Currently viewing the category: "Syrphid Flies"
What's That Bug? does not endorse extermination

Subject:  Fly in the forest
Geographic location of the bug:  Olalla, Washington
Date: 03/07/2018
Time: 09:00 PM EDT
Your letter to the bugman:  Hi. This fly was sitting on a coltsfoot leaf in the forest on a chilly day (maybe 48°). I love the brown hairs on his thorax. What is he?
How you want your letter signed:  gardenjim

Hover Fly

Dear Gardenjim,
Though the wings on your individual are smokier than we are used to seeing on a Drone Fly, we believe that is a correct identification for your fly.  The wing veination pattern on your individual matches that of this Drone Fly pictured on BugGuide as well as that of this Drone Fly pictured on BugGuide.  The Drone Fly is an Old World species that has naturalized in North America and it ranges from coast to coast.  The larva of a Drone Fly is known as a Rat Tailed Maggot.

Update:  Cesar Crash of Insetologia provided a comment and correction.  This appears to be a species of Hover Fly in the genus Brachypalpus from the same subfamily as the Drone Fly and there is an undescribed species posted to BugGuide from the same region as this sighting.

What's That Bug? does not endorse extermination

Subject:  Some kind of hoverfly?
Geographic location of the bug:  Pu’u Wa’awa’a, Big Island, Hawaii
Date: 01/25/2018
Time: 06:32 PM EDT
Your letter to the bugman:  Greetings,
I saw this fly on a mamane flower at around 4,000 feet, near the top of Pu’u Wa’awa’a. It looks like some kind of hoverfly. I thought the markings on the back end would make it easy to  ID, but I can’t find one that looks exactly like this. Any ideas would be appreciated.
Mahalo.
How you want your letter signed:  Graham

Hover Fly

Dear Graham,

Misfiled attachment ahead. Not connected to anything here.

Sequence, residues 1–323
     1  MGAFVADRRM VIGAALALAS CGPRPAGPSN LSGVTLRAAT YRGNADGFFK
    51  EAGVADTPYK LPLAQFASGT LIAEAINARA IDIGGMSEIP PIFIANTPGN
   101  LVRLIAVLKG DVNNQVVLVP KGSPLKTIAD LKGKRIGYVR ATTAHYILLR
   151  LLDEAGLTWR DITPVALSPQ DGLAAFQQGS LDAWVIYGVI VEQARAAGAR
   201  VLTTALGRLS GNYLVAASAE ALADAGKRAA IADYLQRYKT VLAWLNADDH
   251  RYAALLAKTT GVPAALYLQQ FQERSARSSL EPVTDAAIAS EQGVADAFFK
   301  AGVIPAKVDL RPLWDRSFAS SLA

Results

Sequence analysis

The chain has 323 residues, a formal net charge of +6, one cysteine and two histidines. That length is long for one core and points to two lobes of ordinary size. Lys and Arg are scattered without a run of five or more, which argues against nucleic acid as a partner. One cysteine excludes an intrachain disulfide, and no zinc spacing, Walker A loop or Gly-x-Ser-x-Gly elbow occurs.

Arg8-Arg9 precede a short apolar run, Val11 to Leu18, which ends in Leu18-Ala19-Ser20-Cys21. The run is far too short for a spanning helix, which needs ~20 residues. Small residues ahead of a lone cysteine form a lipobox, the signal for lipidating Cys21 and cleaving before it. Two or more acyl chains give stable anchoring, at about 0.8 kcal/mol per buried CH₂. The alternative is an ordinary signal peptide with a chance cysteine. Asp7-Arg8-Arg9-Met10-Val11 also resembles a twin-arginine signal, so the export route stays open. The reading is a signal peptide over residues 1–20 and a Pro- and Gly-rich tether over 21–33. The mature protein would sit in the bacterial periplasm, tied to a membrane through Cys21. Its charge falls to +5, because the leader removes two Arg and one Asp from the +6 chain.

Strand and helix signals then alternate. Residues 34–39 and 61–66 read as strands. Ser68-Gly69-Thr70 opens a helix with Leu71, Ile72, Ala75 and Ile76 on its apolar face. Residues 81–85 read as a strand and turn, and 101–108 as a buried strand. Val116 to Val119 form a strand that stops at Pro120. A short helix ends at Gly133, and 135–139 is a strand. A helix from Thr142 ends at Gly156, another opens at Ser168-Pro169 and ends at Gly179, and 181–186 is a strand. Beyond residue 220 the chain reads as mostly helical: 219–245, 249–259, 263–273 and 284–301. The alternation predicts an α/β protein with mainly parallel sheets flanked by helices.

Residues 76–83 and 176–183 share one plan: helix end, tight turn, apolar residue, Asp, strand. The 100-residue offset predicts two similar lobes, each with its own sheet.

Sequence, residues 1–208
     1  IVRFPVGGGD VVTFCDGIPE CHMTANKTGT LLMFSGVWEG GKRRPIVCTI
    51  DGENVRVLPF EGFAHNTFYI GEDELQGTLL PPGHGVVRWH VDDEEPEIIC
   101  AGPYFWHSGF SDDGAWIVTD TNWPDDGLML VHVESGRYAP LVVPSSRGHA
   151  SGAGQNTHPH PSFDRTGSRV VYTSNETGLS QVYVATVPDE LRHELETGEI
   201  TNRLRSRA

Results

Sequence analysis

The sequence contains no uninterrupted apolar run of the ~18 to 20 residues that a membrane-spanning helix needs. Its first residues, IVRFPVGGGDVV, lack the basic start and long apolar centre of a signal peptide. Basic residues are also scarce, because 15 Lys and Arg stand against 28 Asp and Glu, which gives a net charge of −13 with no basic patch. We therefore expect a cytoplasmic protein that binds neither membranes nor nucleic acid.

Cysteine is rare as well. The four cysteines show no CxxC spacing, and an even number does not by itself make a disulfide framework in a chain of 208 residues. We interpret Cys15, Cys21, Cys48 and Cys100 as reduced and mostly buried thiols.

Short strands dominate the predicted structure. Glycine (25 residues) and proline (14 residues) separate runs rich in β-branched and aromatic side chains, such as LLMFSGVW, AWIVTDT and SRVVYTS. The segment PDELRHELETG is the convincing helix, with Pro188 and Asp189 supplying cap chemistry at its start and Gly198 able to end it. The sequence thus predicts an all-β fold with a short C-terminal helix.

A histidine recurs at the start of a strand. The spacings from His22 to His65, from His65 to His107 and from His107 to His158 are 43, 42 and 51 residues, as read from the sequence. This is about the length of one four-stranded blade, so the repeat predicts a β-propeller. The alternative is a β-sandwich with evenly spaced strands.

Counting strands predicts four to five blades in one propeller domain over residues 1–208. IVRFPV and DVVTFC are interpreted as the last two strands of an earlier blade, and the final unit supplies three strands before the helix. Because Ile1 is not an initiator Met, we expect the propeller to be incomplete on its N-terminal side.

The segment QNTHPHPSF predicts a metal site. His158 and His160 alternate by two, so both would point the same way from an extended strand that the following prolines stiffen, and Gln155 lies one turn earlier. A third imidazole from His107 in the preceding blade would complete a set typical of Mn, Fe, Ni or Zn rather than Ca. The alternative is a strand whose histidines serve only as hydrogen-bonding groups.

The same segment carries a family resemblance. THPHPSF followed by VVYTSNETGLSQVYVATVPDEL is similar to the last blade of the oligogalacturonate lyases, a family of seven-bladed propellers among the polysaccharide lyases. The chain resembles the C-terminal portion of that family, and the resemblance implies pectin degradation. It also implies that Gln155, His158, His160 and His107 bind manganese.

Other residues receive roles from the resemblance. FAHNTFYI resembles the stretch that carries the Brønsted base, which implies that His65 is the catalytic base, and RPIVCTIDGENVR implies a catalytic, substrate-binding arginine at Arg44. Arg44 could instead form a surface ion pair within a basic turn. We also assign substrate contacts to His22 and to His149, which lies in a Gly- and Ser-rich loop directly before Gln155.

This is indeed a Hover Fly or Flower Fly in the family Syrphidae, a group whose members often impersonate stinging Bees and Wasps as protective mimicry.  Many members of the family closely resemble one another, so exact species identification can be difficult, and this is further exacerbated in Hawaii where many insects and other creatures are not native.  This FlickR image of 
Allograpta obliqua looks very similar, and according to BugGuide data, it is a very far ranging species across North America, making it a likely candidate for its also living in Hawaii.  According to Phorid.net:  “This species is found from North America to Southern South America, and has been introduced in Hawaii. A few specimens were collected at both our Year 1 Malaise trap sites. The larvae feed on aphids, and were found to be a major component of the syrphid fauna of organic lettuce fields on the Central Coast of California.”

Hi Daniel,
Many thanks for the identification. That certainly looks like what I saw. Armed with that information, I found several other sites (scholarspace.manoa.hawaii.edu/handle/10125/14453, entnemdept.ufl.edu/creatures/beneficial/hover_fly.htm, www.ctahr.hawaii.edu/rubinoffd/rubinoff_lab/projects/Pest_Fruit_Flies/Pest_Fruit_Flies.htm) confirming the presence of Allograpta obliqua in Hawaii.
Keep up the good work.
Graham

What's That Bug? does not endorse extermination

Subject:  Moth id